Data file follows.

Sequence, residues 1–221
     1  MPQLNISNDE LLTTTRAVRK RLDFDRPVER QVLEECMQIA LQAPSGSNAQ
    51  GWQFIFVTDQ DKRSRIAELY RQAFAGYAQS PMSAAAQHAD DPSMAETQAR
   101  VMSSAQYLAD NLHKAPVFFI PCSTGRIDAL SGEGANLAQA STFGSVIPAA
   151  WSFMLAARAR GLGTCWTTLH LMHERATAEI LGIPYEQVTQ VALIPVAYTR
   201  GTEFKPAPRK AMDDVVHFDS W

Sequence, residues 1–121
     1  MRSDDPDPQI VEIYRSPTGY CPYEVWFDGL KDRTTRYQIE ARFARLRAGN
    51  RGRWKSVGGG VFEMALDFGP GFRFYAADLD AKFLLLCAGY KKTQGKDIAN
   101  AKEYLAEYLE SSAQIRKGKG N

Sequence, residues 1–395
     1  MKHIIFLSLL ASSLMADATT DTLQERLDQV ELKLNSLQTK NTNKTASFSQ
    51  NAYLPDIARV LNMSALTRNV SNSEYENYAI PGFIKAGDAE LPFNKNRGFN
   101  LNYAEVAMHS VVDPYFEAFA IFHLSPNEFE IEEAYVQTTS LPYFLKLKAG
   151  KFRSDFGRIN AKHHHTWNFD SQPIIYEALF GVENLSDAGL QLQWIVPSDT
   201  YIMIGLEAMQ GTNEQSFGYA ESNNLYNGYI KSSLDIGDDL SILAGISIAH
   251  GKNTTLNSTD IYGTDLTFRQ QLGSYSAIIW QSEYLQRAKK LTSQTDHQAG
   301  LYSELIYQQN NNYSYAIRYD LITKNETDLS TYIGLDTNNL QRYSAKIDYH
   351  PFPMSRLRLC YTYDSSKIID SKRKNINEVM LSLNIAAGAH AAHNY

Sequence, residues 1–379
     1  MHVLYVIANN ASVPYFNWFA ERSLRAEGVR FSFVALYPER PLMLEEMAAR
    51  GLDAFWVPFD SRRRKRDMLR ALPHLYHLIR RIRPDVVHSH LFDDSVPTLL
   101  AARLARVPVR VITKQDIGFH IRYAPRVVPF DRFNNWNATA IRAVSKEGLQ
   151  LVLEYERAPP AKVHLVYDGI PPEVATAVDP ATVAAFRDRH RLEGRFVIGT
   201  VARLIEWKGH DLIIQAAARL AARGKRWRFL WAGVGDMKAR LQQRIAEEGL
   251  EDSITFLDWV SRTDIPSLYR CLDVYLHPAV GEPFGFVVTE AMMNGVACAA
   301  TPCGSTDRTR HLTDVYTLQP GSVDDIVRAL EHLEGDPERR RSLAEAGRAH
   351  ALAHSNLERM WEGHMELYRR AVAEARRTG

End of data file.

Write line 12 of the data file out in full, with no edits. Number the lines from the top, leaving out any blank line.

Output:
     1  MKHIIFLSLL ASSLMADATT DTLQERLDQV ELKLNSLQTK NTNKTASFSQ